first and second filtration chambers, each filtration chamber having a filtration medium positioned therein from an upstream side to a downstream side thereof;

an inlet into the fluid filter;

an outlet from the fluid filter;

first conduit means leading from said inlet;

second conduit means leading from the first conduit means to the first chamber on the upstream side relative to the filter medium thereof;

third conduit means leading from the first conduit means to the second chamber on the upstream side relative to the filter medium thereof;

a node at which the first, second and third conduit means meet;

valve means associated with the node and having a first control position in which it permits fluid to flow from the first conduit means to the second conduit means, and a second control position in which it permits fluid to flow from the first conduit means to the third conduit means;

and means for directing fluid which has flowed through the first or second chamber in a primary filtration stage, to the second or first chamber for a secondary filtration stage, and then to the outlet.

Suitably the conduit means for directing fluid which has flowed through the first or second chamber in a primary filtration stage, to the second or first chamber for a secondary filtration stage, and then to the outlet, comprises a fourth conduit means which meets the first, second and third conduit means at the node, and through which fluid may be conveyed toward the chamber providing the secondary filtration stage, wherein said first control position of the valve means permits fluid to flow from the first conduit means to the second conduit means and, simultaneously, from the fourth conduit means to the third conduit means, and wherein said second control position of the valve means permits fluid to flow from the first conduit mean to the third conduit means and, simultaneously, from the fourth conduit means to the second conduit means.

According to yet another embodiment there is provided a multi-stage fluid filter for filtering entrained particulate matter from a moving fluid stream, in which filter particulate matter may undergo primary and secondary filtration stages, the secondary filtration stage being through a filter medium which comprises a layer of accumulated particulate matter, the first filtration stage being through a filter medium on which a layer of particulate matter is accumulating, for use subsequently in a said second filtration stage, the filter comprising:

first and second filtration chambers, each filtration chamber having a filtration medium positioned therein from an upstream side to a downstream side thereof;

an inlet into the fluid filter;

an outlet from the fluid filter;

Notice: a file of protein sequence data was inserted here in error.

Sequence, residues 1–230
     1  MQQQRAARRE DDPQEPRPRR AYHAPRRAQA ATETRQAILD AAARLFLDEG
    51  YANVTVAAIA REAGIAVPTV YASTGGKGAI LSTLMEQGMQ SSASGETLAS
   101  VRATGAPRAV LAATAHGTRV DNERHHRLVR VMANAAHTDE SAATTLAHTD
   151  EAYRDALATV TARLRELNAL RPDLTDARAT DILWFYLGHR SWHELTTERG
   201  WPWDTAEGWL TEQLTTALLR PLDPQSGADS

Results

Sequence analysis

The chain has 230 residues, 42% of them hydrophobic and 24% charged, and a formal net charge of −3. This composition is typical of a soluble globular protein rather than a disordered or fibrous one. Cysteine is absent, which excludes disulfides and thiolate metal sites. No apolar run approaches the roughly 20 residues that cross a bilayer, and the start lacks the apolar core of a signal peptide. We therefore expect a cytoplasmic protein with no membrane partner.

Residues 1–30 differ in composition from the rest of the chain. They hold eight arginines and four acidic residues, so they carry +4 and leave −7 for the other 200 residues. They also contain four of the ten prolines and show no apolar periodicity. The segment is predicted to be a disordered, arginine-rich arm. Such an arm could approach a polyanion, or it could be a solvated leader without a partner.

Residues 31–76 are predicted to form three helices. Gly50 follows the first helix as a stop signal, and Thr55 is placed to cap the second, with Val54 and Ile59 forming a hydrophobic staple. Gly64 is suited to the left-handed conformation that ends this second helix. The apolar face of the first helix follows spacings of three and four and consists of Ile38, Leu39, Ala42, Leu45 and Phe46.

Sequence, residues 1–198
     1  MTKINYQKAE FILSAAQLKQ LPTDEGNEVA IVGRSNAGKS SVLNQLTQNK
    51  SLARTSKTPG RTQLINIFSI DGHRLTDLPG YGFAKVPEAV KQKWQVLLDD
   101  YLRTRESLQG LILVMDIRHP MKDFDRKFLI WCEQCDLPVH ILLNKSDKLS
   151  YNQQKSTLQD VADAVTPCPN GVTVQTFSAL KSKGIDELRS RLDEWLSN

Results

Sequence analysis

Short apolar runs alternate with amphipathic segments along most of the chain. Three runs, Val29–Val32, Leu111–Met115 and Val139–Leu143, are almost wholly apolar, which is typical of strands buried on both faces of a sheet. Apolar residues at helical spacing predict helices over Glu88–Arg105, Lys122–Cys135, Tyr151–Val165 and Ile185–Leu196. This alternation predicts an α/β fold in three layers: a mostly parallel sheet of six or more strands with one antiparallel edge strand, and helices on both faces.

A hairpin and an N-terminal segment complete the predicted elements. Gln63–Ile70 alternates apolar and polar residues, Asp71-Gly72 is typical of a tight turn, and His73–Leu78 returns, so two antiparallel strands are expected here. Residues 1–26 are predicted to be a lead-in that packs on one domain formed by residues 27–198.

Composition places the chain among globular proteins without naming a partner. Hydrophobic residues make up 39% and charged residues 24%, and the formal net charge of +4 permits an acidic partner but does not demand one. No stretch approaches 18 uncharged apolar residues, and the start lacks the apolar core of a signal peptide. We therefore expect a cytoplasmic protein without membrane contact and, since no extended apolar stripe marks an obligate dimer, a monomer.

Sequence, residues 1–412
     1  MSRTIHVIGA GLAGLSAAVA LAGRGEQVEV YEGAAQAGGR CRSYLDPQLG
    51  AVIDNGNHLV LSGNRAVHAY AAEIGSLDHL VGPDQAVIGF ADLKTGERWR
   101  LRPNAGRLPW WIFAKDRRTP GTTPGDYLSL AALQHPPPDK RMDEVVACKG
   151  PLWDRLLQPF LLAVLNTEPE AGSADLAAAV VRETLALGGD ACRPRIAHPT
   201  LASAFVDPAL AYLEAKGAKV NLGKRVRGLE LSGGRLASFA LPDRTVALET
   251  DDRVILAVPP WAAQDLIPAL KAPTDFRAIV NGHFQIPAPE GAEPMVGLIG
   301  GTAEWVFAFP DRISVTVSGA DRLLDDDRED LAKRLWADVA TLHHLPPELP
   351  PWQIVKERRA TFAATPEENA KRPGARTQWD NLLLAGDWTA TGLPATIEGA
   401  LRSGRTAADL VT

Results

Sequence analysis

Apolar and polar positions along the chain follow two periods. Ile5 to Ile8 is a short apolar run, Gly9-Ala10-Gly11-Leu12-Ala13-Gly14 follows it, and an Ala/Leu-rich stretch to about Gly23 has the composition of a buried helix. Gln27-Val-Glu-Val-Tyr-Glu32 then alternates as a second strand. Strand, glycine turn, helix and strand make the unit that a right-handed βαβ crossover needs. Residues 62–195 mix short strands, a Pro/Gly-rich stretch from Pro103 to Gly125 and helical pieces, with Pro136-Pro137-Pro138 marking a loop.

conduit means "one" leading to said outlet;

conduit means "two" leading from the first chamber on the downstream side relative to the filter medium thereof, to the conduit means "one";

conduit means "three" leading from the second chamber on the downstream side relative to the filter medium thereof, to conduit means "one";

a node at which conduit means "one", "two" and "three" meet;

valve means associated with that node and having a first control position which permits fluid to flow from conduit means "three" to conduit means "one", and a second control position in which it permits fluid to flow from conduit means "two" to conduit means "one";

and conduit means for directing fluid which has entered the filter through the inlet selectably through the first or second chamber in a primary filtration stage, then to the second or first chamber in a secondary filtration stage, then to said node at which conduits "one", "two" and "three" meet.

Suitably the conduit means for directing fluid which has entered the filter through the inlet selectably through the first or second chamber in a primary filtration stage, then to the second or first chamber in a secondary filtration stage, then to said node at which conduits "one", "two" and "three" meet, comprises conduit means "four" which meets conduit means "one", "two" and "three" at the node, and through which fluid may be conveyed from the chamber providing the primary filtration stage, wherein said first control position of the valve means permits fluid to flow from conduit means "two" to conduit means "four" and, simultaneously, from conduit means "three" to conduit means "one", and wherein said second control position of the valve means permits fluid to flow from conduit means "two" to conduit means "one" and, simultaneously from conduit means "three" to conduit means "four".